Rackspace Holding (NYSE:RAX) is working hard to convince investors and its customers that it has an edge in the cloud infrastructure, or infrastructure as a service (laaS), business over the likes of Amazon.com (NASDAQ:AMZN) and Google (NASDAQ:MSFT). However, as buyout hopes fall apart, whether or not Rackspace is successful in laaS has never been more important for shareholders.
The state of cloud services
During Rackspace's last quarter, its cloud segment accounted for nearly 30% of total revenue. With growth of 34% year-over-year it has been the most significant fundamental driver for the company. However, with just $121.4 million in a cloud industry that created $3.5 billion in the first quarter, Rackspace's cloud business is still somewhat insignificant.
The current market leader, Amazon, generated more than $1 billion in first quarter revenue from cloud services, including growth in excess of 60 %. This means that Rackspace is lagging the industry leader in both market share and growth. With that said, Amazon is undoubtedly the king of cloud, with the business valued at $50 billion by Evercore . Yet, with the cloud industry generating $12.5 billion in trailing 12-month sales and growth of 50% annually, Amazon's peers have made major attempts to steal its market share.
This includes Google, who in March made price cuts of 30% in its cloud application platform and cuts from 68% to 85% in cloud storage services . While it earned less than $250 million during the last quarter from cloud services, Google's recent price cuts have made the company more competitive in an industry that is growing rapidly.
Albeit, Amazon must have felt threatened, as the company followed Google's footsteps with price cuts in excess of 30% for its own services . Essentially, this price cutting war has become a trademark of the cloud industry.
Rackspace tries and defends its unorthodox approach
Meanwhile, Rackspace has refused to follow suit with price cuts, and insists that added features make its services are worth significantly higher prices. In a recent article entitled Is A Rackspace Holding Acquisition Good For CenturyLink Shareholders an illustration of Rackspace's premium pricing in comparison to Amazon was shown: Rackspace charges $0.68 per hour for a 15GB cloud server versus $0.28 for Amazon.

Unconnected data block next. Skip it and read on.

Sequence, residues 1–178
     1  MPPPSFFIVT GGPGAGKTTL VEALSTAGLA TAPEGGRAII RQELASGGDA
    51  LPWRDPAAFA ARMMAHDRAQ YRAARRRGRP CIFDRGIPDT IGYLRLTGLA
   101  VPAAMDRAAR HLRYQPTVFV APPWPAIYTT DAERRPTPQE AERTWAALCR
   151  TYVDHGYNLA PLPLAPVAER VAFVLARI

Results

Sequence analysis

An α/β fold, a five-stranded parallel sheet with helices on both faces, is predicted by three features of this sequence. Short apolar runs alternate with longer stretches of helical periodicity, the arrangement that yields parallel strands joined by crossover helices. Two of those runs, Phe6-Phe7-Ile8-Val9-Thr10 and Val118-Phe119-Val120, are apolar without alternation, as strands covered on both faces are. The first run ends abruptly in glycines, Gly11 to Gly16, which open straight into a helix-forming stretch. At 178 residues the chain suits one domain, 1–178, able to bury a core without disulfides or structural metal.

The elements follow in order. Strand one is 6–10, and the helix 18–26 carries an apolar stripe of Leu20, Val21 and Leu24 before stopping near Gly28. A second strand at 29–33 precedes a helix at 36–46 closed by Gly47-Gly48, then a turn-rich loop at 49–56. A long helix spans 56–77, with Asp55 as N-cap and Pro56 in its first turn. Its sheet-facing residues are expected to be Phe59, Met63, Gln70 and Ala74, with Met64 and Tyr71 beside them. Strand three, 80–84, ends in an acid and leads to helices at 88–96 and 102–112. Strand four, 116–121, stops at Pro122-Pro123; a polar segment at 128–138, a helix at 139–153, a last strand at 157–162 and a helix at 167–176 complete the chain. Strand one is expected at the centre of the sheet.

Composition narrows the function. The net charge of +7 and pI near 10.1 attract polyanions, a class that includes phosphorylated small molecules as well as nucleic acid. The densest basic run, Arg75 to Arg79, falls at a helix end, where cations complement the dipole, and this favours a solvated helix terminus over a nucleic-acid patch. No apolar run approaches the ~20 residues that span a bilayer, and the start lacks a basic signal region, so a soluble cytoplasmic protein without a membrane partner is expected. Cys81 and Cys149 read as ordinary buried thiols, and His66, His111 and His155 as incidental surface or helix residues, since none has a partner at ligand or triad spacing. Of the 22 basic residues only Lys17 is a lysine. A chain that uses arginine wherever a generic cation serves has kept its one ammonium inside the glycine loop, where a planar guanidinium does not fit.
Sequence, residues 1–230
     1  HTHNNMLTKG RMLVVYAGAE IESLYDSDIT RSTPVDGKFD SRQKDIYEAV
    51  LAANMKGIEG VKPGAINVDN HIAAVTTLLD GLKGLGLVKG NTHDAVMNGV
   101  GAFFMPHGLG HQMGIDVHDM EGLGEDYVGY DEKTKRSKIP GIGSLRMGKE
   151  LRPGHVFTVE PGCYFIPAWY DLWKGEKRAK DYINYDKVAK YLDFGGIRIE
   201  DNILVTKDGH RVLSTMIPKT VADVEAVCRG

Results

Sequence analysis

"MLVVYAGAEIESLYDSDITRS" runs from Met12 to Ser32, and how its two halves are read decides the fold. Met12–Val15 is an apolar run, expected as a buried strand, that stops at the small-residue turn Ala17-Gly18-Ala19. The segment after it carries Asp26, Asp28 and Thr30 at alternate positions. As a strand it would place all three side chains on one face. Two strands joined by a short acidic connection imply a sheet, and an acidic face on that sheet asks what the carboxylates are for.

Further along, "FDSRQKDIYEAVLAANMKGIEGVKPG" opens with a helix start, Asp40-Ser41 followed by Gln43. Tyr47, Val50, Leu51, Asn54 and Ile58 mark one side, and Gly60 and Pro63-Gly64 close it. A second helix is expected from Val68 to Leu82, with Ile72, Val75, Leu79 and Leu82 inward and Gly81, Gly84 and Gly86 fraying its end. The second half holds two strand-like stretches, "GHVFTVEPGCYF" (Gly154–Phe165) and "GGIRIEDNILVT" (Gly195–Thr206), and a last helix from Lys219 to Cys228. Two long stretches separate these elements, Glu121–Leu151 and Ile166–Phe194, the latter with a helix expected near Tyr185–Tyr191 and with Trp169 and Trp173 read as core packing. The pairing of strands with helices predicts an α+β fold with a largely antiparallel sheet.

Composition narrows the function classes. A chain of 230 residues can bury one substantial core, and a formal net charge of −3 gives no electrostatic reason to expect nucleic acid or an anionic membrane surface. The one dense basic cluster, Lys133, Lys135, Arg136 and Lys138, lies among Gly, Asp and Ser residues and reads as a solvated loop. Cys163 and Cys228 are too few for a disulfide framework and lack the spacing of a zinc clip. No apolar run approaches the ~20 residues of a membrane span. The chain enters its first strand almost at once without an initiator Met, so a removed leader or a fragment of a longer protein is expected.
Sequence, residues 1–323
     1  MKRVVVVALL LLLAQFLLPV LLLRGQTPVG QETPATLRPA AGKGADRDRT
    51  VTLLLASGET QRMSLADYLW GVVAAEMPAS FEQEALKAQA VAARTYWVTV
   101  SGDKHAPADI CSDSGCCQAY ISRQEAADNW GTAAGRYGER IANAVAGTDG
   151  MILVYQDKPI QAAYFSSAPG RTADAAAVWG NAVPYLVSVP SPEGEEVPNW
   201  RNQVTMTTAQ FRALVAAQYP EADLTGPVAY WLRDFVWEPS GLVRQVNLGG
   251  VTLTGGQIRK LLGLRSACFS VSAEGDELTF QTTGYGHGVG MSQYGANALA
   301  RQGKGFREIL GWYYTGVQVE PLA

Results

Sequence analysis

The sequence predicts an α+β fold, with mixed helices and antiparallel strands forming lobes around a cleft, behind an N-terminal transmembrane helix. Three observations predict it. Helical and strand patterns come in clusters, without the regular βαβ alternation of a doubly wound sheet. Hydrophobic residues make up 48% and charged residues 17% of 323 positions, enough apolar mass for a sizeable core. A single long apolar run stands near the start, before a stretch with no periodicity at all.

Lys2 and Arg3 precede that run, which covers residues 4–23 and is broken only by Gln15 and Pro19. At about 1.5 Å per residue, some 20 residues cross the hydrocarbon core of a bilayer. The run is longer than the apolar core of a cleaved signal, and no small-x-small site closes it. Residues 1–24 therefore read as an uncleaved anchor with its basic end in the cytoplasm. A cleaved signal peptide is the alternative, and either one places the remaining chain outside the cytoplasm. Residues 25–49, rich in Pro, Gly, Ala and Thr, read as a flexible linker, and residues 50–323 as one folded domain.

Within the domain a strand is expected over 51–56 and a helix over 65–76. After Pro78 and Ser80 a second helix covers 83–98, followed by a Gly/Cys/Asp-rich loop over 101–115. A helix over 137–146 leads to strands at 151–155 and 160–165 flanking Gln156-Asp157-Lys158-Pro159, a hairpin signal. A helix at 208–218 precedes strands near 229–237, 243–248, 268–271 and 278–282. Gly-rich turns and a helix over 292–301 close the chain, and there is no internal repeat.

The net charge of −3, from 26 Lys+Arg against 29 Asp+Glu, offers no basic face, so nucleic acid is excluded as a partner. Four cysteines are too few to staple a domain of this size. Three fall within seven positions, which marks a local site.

This particular illustration apparently struck a chord with Rackspace President Taylor Rhodes, who wrote a blog in response to the comparison. Rhodes said that Rackspace customers get 24×7 access to cloud engineers, including specialists in a host of complex technologies such as data stores and digital marketing platforms. He added that Rackspace customers get architecture guidance, a security audit, and system monitoring and alerts — just to name a few value adds for a $0.40 premium to Amazon's cloud server per hour.
Then, on Tuesday Rackspace went one step further in distinguishing itself from cheaper peers by breaking its laaS offerings into two tiers: Managed Infrastructure and Managed Operations , with the latter being more personalized in offering all of the services that Rhodes mentioned in his blog. Furthermore, Rackspace is hoping to attract developers by providing a bundle of cloud services for free to all clients for 12 months.
Does Rackspace have a point?
Albeit, does Rackspace have a strategy that can make it relevant in an industry that has seen aggressive discounting among all of its leaders. To answer that question, we must agree that Rackspace's services are equivalent to its peers.
The Register's Jack Clark recently called Amazon's m3.xlarge server the (roughly) equivalent of Rackspace's "Performance" cloud server, and this includes sold state drive storage, or SSD, for both services. Moreover, Clark notes that Google's n1-standard-4 is also the near equivalent, although lacking SSD storage, and also sells for $0.28 per hour. Hence, the storage itself is equivalent, which means Rackspace's big bet is that developers will pay for the additional services.
Yet, with Amazon's Web Services as a whole growing at near double the 34% clip of Rackspace's cloud segment, it proves that clients have preferred the cheaper options in this space. While Rhodes makes good points in his blog, cloud servers are the sought service, everything else is a luxury, including architecture guidance and security audits.
Now, Rackspace's decision to offer a bundle of free cloud services to its clients is an interesting decision, one that developers might find appealing. However, Amazon already offers free services for its developers with the company's success coming mainly from its enormous presence with developers.
Not to mention, at Google's recent I/O conference it unveiled a number of debugging, monitoring, and tracing applications for developers, many of which are free. Hence, Rackspace's 12-month free bundle is a big step in the right direction, but not a breakthrough by any means.
With all things considered, Rackspace has made some changes, but its premium pricing strategy remains, and history serves as proof that developers and clients are more worried about the cloud services rather than additional features that may be more costly. Therefore, Rackspace has tried hard to find a fundamental difference between it and its peers' cloud business, but in reality, the biggest difference is price, and for this reason Rackspace will continue to be held back.
Brian Nichols has no position in any stocks mentioned. The Motley Fool recommends Amazon.com, Google (A shares), Google (C shares), and Rackspace Hosting. The Motley Fool owns shares of Amazon.com, Google (A shares), Google (C shares), and Microsoft. Try any of our Foolish newsletter services free for 30 days. We Fools may not all hold the same opinions, but we all believe that considering a diverse range of insights makes us better investors. The Motley Fool has a disclosure policy.